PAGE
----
In the above example, it is assumed that each observation in the mpg data set is indpendent and identically distributed from an unknown distribution $f$.

However, if there were to have existed some autocorrelation structure (as exist in time-series data) then we would need to adjust our resampling methodology to account for this correlation.

When dealing with time-series data, we will use a method called block bootsrap.

Paired Bootstrapping

Let's continue to work with the mtcars data set. Say we wanted to make inferences about the linear regression parameters.

library(ggplot2, quietly = TRUE) ## for graphics
mtcars$am <- as.factor(mtcars$am) ## Transmission (0 = automatic, 1 = manual
fit = lm(formula = mpg ~ wt + am, data = mtcars)
data.frame(coefficients = coefficients(fit), CI = confint(fit), check.names = FALSE)

qplot(x = as.factor(am), y = mpg, data = mtcars, geom = "boxplot",
      main = "Boxplot: MPG ~ AM", ylab = "MPG", xlab = "AM",
      colour = am)

qplot(x = wt, y = mpg, data = mtcars, geom = c("point", "smooth"),
  main = "Boxplot: MPG ~ Weight", ylab = "MPG", xlab = "Weight",
  method = "lm", formula = y~x)

## save coefficients
beta_int = coefficients(fit)[1]
beta_wt = coefficients(fit)[2]
beta_am = coefficients(fit)[3]

n = dim(mtcars)[1] ## number of obs in data
B = 1000 ## number of bootstrap samples

results = matrix(data = NA, nrow = B, ncol = 3, 
                 dimnames = list(NULL, c("Intercept", "wt", "am")))

## begin bootstrap for-loop
for(b in 1:B){
  i = sample(x = 1:n, size = n, replace = TRUE) ## sample indices
  temp = mtcars[i,] ## temp data set
  temp_model =  lm(formula = mpg ~ wt + am, data = temp) ## train model
  coeff = matrix(data = coefficients(temp_model), ncol = 3) ## get coefficients
  results[b,] = coeff ## save coefficients in matrix

results <- data.frame(results, check.names = FALSE)

summary(results) ## take a look at the samples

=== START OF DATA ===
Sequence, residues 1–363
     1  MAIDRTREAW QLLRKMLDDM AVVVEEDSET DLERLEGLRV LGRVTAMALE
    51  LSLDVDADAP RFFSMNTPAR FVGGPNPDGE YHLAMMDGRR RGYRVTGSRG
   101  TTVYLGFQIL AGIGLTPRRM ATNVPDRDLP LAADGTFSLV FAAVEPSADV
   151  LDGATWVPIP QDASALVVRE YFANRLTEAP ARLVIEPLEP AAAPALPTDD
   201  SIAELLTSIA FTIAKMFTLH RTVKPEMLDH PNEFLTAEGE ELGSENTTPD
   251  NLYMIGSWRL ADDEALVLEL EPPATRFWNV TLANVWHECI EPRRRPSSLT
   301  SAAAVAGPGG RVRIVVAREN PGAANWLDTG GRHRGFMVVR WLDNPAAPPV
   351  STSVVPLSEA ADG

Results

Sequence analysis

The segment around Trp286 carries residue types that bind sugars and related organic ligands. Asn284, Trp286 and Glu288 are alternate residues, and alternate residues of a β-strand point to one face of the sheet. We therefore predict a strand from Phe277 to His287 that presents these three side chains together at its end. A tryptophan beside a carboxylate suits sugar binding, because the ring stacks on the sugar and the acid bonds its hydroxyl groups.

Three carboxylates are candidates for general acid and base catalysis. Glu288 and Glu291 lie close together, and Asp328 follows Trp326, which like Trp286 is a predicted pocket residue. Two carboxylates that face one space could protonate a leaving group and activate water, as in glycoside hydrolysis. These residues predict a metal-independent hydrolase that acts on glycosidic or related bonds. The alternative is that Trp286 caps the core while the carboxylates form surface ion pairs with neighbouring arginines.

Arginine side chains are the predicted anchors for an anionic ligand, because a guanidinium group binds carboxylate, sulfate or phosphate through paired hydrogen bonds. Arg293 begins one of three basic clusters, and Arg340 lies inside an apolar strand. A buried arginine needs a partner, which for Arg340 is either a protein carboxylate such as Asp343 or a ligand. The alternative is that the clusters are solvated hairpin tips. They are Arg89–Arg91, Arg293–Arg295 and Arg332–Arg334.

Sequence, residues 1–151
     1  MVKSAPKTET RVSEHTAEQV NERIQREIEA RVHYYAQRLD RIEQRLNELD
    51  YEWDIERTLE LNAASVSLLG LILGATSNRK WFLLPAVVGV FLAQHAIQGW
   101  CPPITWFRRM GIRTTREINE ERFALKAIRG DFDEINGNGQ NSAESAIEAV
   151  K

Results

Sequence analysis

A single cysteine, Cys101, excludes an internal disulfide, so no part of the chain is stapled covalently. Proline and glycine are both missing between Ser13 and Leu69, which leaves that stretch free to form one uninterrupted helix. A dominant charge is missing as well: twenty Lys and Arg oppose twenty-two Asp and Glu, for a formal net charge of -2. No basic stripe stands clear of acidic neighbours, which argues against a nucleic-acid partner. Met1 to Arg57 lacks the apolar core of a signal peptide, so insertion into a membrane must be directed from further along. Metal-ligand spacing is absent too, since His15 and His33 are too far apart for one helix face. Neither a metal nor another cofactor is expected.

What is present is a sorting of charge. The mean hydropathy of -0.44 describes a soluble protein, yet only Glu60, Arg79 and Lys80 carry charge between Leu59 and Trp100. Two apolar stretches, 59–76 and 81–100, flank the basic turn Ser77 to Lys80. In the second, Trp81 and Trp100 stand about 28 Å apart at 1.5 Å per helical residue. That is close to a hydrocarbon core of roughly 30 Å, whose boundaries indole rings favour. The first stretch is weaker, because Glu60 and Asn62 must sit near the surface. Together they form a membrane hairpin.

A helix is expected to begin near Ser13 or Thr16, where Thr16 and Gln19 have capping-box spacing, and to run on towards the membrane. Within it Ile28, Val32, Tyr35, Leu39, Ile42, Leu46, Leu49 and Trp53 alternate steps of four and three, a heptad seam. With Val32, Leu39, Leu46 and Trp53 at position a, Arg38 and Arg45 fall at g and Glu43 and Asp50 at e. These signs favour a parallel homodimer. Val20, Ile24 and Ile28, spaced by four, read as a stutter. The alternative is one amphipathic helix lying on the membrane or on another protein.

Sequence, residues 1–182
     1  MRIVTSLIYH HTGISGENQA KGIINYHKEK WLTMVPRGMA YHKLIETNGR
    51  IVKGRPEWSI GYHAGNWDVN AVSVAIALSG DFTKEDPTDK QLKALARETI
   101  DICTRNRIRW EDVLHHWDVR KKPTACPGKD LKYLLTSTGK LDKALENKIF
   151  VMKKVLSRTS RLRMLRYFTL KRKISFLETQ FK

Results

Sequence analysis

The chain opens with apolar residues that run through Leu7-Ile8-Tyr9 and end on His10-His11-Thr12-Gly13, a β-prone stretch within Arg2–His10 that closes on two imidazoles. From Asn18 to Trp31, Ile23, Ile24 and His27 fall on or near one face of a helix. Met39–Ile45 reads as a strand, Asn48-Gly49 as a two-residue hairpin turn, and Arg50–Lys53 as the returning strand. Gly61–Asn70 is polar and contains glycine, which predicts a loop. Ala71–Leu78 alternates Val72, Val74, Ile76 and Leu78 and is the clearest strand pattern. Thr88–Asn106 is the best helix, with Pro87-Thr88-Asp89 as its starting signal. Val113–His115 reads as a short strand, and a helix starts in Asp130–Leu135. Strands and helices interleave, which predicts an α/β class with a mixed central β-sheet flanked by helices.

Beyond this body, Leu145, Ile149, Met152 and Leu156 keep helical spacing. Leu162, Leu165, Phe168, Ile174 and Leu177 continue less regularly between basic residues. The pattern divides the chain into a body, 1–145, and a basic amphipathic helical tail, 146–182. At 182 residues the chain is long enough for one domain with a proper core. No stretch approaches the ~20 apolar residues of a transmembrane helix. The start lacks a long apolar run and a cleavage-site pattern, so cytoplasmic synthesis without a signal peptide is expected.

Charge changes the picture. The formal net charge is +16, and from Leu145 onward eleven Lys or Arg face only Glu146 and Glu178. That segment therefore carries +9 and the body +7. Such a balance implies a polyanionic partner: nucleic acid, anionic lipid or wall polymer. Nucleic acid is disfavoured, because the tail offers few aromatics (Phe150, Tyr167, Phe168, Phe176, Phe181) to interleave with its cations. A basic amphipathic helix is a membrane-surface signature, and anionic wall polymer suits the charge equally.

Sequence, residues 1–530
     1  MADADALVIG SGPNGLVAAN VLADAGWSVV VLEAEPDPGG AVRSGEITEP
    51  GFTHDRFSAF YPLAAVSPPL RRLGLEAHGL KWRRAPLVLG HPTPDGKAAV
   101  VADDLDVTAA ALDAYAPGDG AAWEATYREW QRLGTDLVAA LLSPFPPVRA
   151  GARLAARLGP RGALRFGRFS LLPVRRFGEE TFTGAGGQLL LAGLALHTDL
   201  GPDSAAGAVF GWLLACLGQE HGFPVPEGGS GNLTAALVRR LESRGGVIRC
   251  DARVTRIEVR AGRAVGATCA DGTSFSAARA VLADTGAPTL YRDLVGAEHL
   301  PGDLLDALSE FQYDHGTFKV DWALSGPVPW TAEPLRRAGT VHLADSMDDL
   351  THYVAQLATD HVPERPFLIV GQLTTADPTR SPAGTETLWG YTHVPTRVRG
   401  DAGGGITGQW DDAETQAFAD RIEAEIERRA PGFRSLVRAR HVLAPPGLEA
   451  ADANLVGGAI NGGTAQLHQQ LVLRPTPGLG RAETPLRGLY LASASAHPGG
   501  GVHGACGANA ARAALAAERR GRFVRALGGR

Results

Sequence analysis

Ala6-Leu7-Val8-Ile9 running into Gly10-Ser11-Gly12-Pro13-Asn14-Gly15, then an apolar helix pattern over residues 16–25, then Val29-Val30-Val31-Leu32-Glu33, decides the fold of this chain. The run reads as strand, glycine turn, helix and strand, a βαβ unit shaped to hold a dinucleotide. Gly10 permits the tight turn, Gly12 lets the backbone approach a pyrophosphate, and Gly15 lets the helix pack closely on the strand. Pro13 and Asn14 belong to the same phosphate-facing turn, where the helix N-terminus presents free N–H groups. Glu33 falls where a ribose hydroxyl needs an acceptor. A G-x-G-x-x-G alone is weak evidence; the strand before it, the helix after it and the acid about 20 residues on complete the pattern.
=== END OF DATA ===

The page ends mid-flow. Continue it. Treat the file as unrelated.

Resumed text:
boot_int = results[,"Intercept"]
boot_wt = results[,"wt"]
boot_am = results[,"am"]

par(mfrow = c(2,2))
hist(boot_int, main = "Bootstrapped Coefficients for Intercept",
     xlab = "Coefficients for Intercept", probability = TRUE)
abline(v = coefficients(fit)[1], col = "black", lty=2)

hist(boot_wt, main = "Bootstrapped Coefficients for Weight",
     xlab = "Coefficients for Weight", probability = TRUE)
abline(v = coefficients(fit)[2], col = "blue", lty=2)

hist(boot_am, main = "Bootstrapped Coefficients for AM = 1",
     xlab = "Coefficients for Automatic Transmission", probability = TRUE)
abline(v = coefficients(fit)[3], col = "green", lty=2)

Now we can estimate bias for each parameter estimate. Define Bias as $Bias(\theta) = E[\theta^*] - \theta$, where in our scenario we have $Bias(\hat\theta) = E[\hat\theta^*] - \hat\theta$. Our bootstrap bias corrected estimates are then $\hat\theta_{BC} = \hat\theta - Bias(\hat\theta)$.

bias_int = mean(boot_int - beta_int)

bias_wt = mean(boot_wt - beta_wt)

bias_am = mean(boot_am - beta_am)

Now you can incorporate our bias into the coefficients. We now have bias corrected coefficients

intercept = beta_int - bias_int

wt = beta_wt - bias_wt

am = beta_am - bias_am
  • $\begingroup$ you didn't just copy this from Udemy? $\endgroup$
    – Aksakal
    Commented Nov 30, 2017 at 19:34
  • 10
    $\begingroup$ I am the course author $\endgroup$
    – Jon
    Commented Nov 30, 2017 at 19:37
  • 3
    $\begingroup$ It would be nice if you could add bootstrapping of residuals. In particular with non-linear models you often want to preserve the distribution of x-values when bootstrapping. $\endgroup$
    – Roland
    Commented Dec 1, 2017 at 8:26

It seems something wrong with your resampling, the bootdata you get in each iteration is exactly the same.

Because this line has fixed the value of logapple08 and logrm08 which doesn't change when you do the resampling.

#log returns of AAPL and market
logapple08<- na.omit(ROC(apple08)*100)

Add one more line between these two lines



colnames(df08) <- c("logapple08", "logrm08")

It will give different values.

Another thing is because in bootstrap, we calculate $\hat{\beta}_1$ in each boot and collect them together as a sample of estimator $\hat{\beta}_1$, then calculate the bootstrap standard deviation of estimator $\hat{\beta}_1$. If you're interested in the bootstrap sd of estimator $\hat{\beta}_1$, you might like to

Change this line

sd.boot[i]= coef(summary(lm(logapple08~logrm08, data = bootdata)))[2,2]


sd.boot[i]= coef(summary(lm(logapple08~logrm08, data = bootdata)))[2,1]
for(i in 1:Boot){
  bootdata=df08[sample(nrow(df08), size = 251, replace = TRUE),]
  sd.boot[i]= coef(summary(lm(AAPL.Adjusted~IXIC.Adjusted, data = bootdata)))[2,2]
  #print(summary(lm(logapple08~logrm08, data = bootdata)))

Dear Adam, the variable names you use for lm in the for loop were not in your boot data. I modified it and now it works well. Also I didn't set a seed because I worried that it would generate the same sample every time. But I'm not sure. You may try.